During the last decades, at the beginning of the 21st century, an increase in inequality has been detected, related to post-industrial socioeconomic restructuring, the effects of globalization, the application of neoliberal policies and the progressive decline of the welfare state. On the road to the horizon of the city 2030, there has been a turbulent period marked by economic crises, climate change, the transformation of energy models, natural disasters, epidemics and health pandemics, migratory movements and armed conflicts. All these factors are conditioning the evolution of urban spaces, whose structures are progressively transforming and new social maps are emerging. In fact, inequality and its various spatial manifestations, including urban fragmentation and residential segregation, have become one of the most important issues in the analysis of contemporary cities. However, there are still many unknowns about these phenomena, the factors that cause them and their consequences. There is therefore a wide field of work for the development of urban studies.
The relationships between inequality, segregation and fragmentation are extremely complex and in no case are they univocal. Socio-spatial differentiation requires a multidimensional analysis, since urban inequalities manifest themselves in many different ways and in different dimensions. These aspects are not only reflected in the structure of cities, but are also beginning to be present in urban agendas and policies as strategic elements of management and planning: households and families, housing, work, income, mobility, access to services, energy transition, climate change, sustainability… However, the processes of social and economic division within urban spaces depend not only on structural elements related to the transformation of post-industrial society, but are also deeply linked to the historical, social, political, economic and contextual conditions of each territory.
The recent processes of suburbanization, socio-demographic changes and morphological transformations that cities have undergone have had an impact on a reordering of social mosaics, resulting in a change of territorial scale and greater internal complexity. It is not only a question of the spatial distribution of the different socio-demographic groups in the urban structure, but processes of social, physical, morphological and symbolic fragmentation are beginning to be detected. We are witnessing an emerging social rupture of urban spaces, which requires a slow analysis of this process at the social, spatial and temporal levels. It is necessary to identify the trajectories of these new social separations and to discern the multiple edges of the process of socio-spatial differentiation, its manifestation in residential segregation and its translation to the urban structure through the emergence of fragmentation dynamics.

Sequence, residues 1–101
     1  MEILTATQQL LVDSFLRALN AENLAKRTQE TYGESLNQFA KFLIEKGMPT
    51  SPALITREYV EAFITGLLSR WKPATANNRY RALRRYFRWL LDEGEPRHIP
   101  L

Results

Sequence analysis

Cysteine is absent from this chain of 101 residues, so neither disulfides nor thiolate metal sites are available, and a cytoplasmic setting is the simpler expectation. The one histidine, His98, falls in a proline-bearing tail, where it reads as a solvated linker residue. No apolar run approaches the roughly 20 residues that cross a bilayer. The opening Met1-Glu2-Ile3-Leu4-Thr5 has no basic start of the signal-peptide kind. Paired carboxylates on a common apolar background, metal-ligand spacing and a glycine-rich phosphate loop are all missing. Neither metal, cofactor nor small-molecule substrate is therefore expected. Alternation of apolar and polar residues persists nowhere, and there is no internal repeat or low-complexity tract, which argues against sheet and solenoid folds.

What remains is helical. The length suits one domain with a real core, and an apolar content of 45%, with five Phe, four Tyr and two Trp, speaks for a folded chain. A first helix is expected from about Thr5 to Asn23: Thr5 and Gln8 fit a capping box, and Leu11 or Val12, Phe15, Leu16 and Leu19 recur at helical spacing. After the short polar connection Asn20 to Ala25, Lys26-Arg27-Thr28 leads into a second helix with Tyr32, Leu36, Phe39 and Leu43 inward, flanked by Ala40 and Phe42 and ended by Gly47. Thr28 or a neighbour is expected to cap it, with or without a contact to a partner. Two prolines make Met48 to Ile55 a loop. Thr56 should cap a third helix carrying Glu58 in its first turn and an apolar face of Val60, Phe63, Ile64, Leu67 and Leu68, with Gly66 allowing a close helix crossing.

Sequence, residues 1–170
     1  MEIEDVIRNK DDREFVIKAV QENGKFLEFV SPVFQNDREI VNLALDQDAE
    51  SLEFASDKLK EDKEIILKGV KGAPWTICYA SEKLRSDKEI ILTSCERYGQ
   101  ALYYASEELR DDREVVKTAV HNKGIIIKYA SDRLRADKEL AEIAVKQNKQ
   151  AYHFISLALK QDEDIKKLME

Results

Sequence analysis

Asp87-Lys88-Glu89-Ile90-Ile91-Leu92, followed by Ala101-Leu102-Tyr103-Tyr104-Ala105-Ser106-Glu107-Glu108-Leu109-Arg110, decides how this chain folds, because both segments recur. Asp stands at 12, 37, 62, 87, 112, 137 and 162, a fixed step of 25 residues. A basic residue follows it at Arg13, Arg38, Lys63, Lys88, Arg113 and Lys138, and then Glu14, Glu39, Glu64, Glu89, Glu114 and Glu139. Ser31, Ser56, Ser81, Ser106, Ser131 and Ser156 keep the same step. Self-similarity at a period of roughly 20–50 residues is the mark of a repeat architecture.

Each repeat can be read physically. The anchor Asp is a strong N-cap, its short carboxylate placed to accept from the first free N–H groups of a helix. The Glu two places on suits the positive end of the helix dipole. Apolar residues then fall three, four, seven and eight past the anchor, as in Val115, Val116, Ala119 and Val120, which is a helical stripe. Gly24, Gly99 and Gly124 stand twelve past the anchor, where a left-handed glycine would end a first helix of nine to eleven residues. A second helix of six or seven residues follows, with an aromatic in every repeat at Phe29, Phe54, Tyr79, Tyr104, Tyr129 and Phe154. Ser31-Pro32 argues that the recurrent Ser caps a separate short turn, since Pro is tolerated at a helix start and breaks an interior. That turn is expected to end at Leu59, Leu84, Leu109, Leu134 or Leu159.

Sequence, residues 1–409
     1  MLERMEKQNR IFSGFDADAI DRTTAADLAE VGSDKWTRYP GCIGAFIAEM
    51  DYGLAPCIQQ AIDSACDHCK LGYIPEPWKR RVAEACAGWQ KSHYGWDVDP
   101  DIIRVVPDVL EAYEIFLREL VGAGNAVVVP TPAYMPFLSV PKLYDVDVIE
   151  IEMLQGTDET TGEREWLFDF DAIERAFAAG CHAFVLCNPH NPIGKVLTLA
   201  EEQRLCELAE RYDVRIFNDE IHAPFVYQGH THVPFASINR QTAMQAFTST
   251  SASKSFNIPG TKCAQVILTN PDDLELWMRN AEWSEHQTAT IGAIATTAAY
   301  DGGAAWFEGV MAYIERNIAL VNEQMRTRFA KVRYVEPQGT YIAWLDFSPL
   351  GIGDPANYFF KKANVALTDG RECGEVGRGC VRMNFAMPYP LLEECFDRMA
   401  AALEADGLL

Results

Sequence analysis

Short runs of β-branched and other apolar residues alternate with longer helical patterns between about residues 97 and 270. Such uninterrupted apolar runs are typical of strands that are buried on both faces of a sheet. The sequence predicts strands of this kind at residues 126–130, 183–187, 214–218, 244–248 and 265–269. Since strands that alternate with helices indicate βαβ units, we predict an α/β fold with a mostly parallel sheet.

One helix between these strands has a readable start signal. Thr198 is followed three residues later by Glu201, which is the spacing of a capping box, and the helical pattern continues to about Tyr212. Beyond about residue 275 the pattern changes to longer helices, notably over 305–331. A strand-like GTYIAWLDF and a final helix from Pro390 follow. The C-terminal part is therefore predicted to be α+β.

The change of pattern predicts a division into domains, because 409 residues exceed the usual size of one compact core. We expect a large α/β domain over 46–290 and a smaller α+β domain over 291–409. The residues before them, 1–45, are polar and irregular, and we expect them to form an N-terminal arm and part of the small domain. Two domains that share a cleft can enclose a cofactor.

In relation to these issues, the journal Ciudades opens a call for papers for the monographic section of its 28th issue, which aims to address how the processes of residential fragmentation and segregation are expressed in different socio-cultural contexts and at different urban scales, from metropolitan areas to medium-sized cities. Studies should consider the manifestations of urban fragmentation, from the perspective of physical, morphological, housing and social divisions. Likewise, analyses can be developed on the different typologies of residential segregation, according to their demographic and socioeconomic factors and conditioning factors. Also of special interest are those proposals that consider the presence of these issues in urban policies and agendas and their instrumentalization, in order to address the effects they are currently generating in cities, as well as proposals for future lines of intervention. It is considered opportune to open a space for dialogue and reflection to conceptualize and map the geography of these urban inequalities and their new manifestations.